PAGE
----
Suppose you’ve been to a home or a facility that operates with a boiler system. In that case, it’s no surprise that a natural gas steam boiler system is monitored and maintained internally and externally. Through the miracle of engineering, many safety mechanisms are put in place so that steam stays within the boiler system and everything else is processed out. So, how do we equip systems to navigate the exchange of liquids and gases? And most importantly, how do we ensure that nothing leaks?
That’s where steam traps come into play.
But first, let’s think about a typical modern steam system. The boiler is the hub, powered by a burner that sends heat into the tubes. From there, the steam circulates several times. It is essential to ensure that the steam leaving the boiler is delivered to the process in a suitable condition. The pipework that carries the steam will typically incorporate a series of strainers, separators, and, most importantly, steam traps.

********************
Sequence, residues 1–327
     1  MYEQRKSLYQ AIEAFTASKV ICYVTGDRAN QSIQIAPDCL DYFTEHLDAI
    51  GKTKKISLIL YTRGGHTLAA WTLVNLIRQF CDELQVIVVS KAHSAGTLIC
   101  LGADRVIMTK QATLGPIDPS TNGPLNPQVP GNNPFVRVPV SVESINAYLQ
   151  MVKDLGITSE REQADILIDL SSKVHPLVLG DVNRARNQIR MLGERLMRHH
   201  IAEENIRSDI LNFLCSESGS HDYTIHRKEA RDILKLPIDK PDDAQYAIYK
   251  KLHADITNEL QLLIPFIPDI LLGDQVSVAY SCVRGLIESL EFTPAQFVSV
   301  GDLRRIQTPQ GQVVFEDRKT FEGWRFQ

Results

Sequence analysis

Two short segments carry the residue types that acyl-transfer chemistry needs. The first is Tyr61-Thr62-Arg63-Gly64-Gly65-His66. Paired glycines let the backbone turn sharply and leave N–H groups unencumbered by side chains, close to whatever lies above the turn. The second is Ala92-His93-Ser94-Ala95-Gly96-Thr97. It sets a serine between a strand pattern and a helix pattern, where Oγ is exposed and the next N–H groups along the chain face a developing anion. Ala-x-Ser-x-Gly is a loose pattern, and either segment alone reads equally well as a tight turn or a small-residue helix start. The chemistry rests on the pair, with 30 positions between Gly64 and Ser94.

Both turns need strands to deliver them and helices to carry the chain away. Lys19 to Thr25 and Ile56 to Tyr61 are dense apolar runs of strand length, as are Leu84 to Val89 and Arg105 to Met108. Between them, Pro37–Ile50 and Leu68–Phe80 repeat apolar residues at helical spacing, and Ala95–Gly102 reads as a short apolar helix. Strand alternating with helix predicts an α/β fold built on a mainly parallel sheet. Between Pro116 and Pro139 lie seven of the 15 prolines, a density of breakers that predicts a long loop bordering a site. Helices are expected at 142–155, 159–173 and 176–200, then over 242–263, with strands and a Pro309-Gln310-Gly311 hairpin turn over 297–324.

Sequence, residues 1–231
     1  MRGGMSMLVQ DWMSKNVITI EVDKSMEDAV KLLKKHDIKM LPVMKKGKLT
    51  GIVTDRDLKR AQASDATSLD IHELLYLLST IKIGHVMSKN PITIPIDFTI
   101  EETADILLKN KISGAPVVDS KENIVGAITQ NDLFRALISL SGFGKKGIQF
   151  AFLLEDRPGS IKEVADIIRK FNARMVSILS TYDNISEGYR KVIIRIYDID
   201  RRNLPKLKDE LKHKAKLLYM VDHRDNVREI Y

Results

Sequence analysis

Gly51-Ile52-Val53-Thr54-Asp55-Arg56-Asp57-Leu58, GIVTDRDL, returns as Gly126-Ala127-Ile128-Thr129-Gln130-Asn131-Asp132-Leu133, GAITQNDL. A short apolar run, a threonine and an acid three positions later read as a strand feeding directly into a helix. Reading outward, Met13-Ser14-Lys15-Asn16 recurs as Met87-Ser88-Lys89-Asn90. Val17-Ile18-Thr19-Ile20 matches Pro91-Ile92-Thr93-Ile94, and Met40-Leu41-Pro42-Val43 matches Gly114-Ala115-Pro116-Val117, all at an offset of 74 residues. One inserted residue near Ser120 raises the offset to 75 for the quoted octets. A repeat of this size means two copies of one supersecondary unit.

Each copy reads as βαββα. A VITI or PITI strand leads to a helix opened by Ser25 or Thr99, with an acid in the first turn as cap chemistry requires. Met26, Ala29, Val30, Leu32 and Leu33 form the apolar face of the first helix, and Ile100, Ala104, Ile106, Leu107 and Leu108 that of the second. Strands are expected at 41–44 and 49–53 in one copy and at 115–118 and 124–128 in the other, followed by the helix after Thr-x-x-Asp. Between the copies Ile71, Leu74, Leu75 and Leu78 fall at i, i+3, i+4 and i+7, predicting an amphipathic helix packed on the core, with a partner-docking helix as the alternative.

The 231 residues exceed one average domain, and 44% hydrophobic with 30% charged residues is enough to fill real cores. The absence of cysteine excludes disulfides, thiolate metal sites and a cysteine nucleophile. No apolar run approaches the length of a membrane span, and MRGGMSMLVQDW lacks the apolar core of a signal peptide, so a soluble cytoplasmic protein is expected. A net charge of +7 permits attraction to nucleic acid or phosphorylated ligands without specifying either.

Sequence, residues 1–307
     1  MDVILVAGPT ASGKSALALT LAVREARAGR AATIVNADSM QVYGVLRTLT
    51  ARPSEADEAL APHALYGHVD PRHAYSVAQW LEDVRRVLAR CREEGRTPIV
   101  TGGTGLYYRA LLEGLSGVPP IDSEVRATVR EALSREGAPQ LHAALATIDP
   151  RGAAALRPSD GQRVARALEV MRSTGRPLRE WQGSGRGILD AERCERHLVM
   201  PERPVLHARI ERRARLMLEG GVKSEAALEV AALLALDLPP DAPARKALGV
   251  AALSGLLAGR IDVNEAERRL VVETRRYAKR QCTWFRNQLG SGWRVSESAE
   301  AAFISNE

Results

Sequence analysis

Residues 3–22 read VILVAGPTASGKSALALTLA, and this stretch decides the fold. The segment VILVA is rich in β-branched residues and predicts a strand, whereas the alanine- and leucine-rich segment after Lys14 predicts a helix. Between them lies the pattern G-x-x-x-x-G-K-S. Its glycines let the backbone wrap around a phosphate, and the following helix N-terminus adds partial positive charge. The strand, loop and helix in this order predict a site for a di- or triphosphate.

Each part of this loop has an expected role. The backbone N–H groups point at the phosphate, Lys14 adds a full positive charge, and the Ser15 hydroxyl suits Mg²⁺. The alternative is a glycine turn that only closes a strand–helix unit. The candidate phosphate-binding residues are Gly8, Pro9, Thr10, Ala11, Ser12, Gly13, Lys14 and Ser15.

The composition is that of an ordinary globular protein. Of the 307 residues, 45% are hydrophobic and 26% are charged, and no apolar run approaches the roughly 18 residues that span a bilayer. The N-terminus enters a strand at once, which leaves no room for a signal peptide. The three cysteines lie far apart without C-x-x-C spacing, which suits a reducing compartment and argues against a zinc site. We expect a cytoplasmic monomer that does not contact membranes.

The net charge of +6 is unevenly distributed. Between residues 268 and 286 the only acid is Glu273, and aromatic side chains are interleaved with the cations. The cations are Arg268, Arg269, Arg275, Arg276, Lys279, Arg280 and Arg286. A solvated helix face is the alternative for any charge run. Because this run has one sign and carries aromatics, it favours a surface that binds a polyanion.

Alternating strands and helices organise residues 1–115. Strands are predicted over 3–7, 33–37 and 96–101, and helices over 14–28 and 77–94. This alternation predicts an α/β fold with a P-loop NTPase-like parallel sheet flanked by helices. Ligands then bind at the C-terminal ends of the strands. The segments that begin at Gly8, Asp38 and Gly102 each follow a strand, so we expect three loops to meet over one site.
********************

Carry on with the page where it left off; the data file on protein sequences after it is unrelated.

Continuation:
A steam trap is an automatic valve that expels liquid condensate, air, and other non-condensable gases (such as CO2) from a system while keeping – or trapping – the steam to ensure minimal loss. Effectively, the traps separate the liquid condensate from the mixture within the system. They retain the steam within the process, which helps with the best use of heat and increases energy efficiency. The steam trap is essential for any steam system in industrial or commercial facilities; they need efficient construction, so they don’t quickly wear while maintaining minimal steam loss and corrosion resistance.
There are multiple types of steam traps and detailed national and international guidelines to ensure proper implementation, monitoring, and maintenance. Businesses often don’t know when a steam trap has malfunctioned or failed, which would look anything from a slight increase in boiler room temperature to pressure changes within the system to steam leakage. Yes, one little valve is responsible for the safety of steam in a whole system!
Performing regular assessments to ensure that steam traps run safely and efficiently is crucial. Otherwise, facilities risk all-around loss of efficiency, which goes without saying, is worse than a leak. We at Energy Sciences have included such assessments as part of our services and our mission to promote energy-conscious options. We have also worked with DTE Energy to create their Find & Fix Gas® Program purely for steam trap maintenance and efficiency.
If you want to know more about how we can help with your steam traps, let’s chat!